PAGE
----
First try at a knife

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Dale Allen

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No handle yet. This is 6.25" long and the blade is 3.75"
It needs more polish and sharpening but my arms got too tired to continue.
This started out as a piece of 5160 that was 3/8" wide x 4" long and 1/4" thick.
Took about an hour to heat it and pound on it to get the rough shape.
Heat treated with motor oil and it is hard.
I made a rookie mistake and did not drill the holes in the tang before heat treat.
So, I got one hole drilled and that will have to do.
 

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You really ought to try and get another hole drilled forward, glue won't keep the scales in place. Are you going to put a guard on it? If not, a pin is definitely needed or the user could break the scales loose and could cause a major cut during use. The only way to keep this knife safe is if you ground the tang down and make it a hidden tang, that's if you can't get another pin in it. That would solve some of the problem. But a very nice start for your first try. I think it might make a nice Skinner.
 

Dale Allen

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Thanks for the feedback Tom.
I may try to use a dremmel and cut a slot in the front of the tang. Something big enough to get a second pin in but it likely wont be a round hole.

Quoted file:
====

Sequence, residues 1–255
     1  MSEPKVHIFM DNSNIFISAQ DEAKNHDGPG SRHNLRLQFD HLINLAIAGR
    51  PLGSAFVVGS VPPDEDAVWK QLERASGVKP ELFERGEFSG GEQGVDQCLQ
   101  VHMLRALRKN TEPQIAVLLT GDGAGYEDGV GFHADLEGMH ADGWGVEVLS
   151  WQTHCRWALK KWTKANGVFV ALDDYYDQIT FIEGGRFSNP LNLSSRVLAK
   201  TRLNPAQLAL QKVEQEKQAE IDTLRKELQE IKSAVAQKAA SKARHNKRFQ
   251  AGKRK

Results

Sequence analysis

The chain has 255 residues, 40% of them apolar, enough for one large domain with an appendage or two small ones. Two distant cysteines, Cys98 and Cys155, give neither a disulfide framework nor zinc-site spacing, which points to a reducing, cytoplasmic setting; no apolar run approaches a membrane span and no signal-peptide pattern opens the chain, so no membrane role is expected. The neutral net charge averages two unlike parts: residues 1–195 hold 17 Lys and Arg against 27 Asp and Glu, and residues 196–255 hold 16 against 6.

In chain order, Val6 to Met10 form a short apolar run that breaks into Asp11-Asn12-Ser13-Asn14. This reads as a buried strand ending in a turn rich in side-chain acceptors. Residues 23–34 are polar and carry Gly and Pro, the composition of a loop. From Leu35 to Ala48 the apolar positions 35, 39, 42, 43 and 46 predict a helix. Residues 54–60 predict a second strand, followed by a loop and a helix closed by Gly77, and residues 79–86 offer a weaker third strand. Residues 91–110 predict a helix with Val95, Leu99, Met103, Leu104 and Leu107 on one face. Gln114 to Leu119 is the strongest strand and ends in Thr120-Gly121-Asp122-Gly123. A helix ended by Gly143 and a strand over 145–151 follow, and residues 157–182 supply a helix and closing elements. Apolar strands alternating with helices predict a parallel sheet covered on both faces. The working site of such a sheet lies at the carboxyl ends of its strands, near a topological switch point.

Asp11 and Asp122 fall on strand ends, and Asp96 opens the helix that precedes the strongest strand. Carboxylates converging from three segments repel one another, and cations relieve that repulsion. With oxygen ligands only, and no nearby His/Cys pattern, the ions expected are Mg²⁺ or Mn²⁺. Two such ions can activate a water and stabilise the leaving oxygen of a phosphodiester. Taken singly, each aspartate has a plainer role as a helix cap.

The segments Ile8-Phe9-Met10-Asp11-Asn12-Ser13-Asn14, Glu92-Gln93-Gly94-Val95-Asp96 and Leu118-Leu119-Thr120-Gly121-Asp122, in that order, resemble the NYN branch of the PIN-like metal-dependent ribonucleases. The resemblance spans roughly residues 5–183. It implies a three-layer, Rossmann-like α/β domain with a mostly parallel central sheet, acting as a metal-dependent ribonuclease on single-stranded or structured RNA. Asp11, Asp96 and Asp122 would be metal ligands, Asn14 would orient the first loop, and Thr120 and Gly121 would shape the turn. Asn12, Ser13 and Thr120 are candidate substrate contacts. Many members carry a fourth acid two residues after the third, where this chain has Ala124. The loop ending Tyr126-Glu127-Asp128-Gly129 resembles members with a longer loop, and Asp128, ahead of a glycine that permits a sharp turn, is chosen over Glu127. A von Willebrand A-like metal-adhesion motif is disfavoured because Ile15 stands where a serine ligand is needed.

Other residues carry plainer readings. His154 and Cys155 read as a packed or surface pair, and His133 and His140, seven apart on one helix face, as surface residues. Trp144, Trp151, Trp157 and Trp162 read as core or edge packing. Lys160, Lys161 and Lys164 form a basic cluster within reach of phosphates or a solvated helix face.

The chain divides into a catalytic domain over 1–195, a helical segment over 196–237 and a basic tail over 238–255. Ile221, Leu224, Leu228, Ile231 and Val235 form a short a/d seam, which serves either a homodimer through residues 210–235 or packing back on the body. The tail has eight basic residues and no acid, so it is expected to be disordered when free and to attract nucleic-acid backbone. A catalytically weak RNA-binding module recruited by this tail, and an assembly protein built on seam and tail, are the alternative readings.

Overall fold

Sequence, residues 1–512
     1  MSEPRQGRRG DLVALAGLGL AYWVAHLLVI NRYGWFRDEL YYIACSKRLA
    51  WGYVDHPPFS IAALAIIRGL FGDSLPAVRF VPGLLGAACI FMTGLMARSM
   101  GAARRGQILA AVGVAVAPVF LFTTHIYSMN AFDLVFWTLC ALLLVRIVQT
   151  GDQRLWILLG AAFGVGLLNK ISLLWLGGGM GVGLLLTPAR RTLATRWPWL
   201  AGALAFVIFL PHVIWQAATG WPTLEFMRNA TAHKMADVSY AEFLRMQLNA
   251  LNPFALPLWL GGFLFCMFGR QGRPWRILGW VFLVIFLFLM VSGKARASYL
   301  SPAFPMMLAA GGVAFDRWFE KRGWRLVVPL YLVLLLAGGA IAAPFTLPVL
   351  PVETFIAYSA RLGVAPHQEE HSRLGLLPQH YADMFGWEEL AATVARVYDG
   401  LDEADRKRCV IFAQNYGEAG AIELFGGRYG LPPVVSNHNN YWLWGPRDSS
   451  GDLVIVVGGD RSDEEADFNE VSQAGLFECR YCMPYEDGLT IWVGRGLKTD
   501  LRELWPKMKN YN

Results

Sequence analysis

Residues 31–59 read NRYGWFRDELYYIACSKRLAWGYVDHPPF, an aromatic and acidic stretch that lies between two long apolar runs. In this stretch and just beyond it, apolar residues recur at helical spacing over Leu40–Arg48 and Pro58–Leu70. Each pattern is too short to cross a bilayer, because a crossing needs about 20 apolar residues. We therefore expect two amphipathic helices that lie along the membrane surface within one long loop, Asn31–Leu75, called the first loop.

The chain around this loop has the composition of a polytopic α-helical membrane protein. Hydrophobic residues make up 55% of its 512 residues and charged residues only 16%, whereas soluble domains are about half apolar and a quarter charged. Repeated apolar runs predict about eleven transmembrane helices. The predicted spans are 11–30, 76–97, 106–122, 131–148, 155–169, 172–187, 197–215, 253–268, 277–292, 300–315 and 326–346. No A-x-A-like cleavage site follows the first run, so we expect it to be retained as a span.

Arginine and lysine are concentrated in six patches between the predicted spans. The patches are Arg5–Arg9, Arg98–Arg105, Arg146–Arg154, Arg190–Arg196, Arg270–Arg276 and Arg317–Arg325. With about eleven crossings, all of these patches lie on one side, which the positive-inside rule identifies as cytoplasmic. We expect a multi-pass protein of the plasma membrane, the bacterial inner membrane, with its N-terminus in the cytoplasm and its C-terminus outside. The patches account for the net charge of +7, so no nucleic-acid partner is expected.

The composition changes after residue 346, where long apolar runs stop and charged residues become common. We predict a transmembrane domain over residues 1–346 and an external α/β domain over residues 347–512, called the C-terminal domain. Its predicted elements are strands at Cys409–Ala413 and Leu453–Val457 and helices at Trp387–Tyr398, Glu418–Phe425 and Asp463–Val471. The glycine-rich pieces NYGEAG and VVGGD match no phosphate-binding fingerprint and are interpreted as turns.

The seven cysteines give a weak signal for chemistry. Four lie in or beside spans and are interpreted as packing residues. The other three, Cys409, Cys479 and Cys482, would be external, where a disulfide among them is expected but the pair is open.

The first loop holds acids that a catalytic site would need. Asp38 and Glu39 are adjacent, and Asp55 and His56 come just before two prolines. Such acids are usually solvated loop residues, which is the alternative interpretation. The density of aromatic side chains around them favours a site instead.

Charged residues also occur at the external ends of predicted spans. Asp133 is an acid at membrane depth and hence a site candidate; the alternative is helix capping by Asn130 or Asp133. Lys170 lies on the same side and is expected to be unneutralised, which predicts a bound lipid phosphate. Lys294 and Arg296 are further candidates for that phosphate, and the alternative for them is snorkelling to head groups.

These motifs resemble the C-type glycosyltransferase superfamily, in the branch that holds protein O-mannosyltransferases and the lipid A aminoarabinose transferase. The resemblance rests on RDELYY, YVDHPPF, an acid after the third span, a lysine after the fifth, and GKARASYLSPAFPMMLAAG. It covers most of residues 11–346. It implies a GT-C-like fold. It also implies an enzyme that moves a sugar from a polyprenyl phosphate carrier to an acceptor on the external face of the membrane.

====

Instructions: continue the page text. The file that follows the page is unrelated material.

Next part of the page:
I tried a carbide drill bit and it would not bite.
 

bsshog40

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I'll tell ya what, I bought a harbor freight set of bits and even bought some colbalt bits from home depot. I kept burning these bits up on my press. I was around 790rpms. So I had to drill a couple 1/8" pin holes out, grabbed my cobalt bit and was using my cordless drill on low speed. Wouldn't hardly drill at all. Then I remembered that I bought me a set of Drill Hog bits off ebay, along with their cutting fluid. Put that in the drill and literally took 3 seconds to drill the holes out. They have a lifetime guarantee too. Btw, I have no affiliation with this company, but these are the best drill bits I've used on hard stainless. Just fyi!!!
 

frank123

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You can lower the hardness of the handle by putting the blade in cold water -or wrapping it in wet cloth- to keep it cool and torching the handle area to temper its hardness and make it easier to drill. Helps with toughness of the tang as well. If you have an acetylene torch, it's fairly easy to just do the area you want the pin hole in and leave the rest harder.
 

Dale Allen

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Here is my solution and finished project.
Using a dremel I cut a slot in the front off the tang and used a thin piece of brass.
Then another pin at the other end through the wood halves.
One wood scale was notched to receive the tang.
I must be doing something wrong though. I sharpened this to a scary sharp edge and never once even nicked myself.:D
 

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Nice save Dale and the square peg should have many asking "How did you get a square peg in a round hole"? Tape! That's the answer to not cutting yourself on the blade. I've seen many makers flashing a knife around with no protection from the sharp edge. Until after I put on the final finish on the handle, the blade stays wrapped in masking tape. One little slip could cause a trip to the emergency room. After 200 knives I've only cut myself, very small cut with no stitches, once.
 
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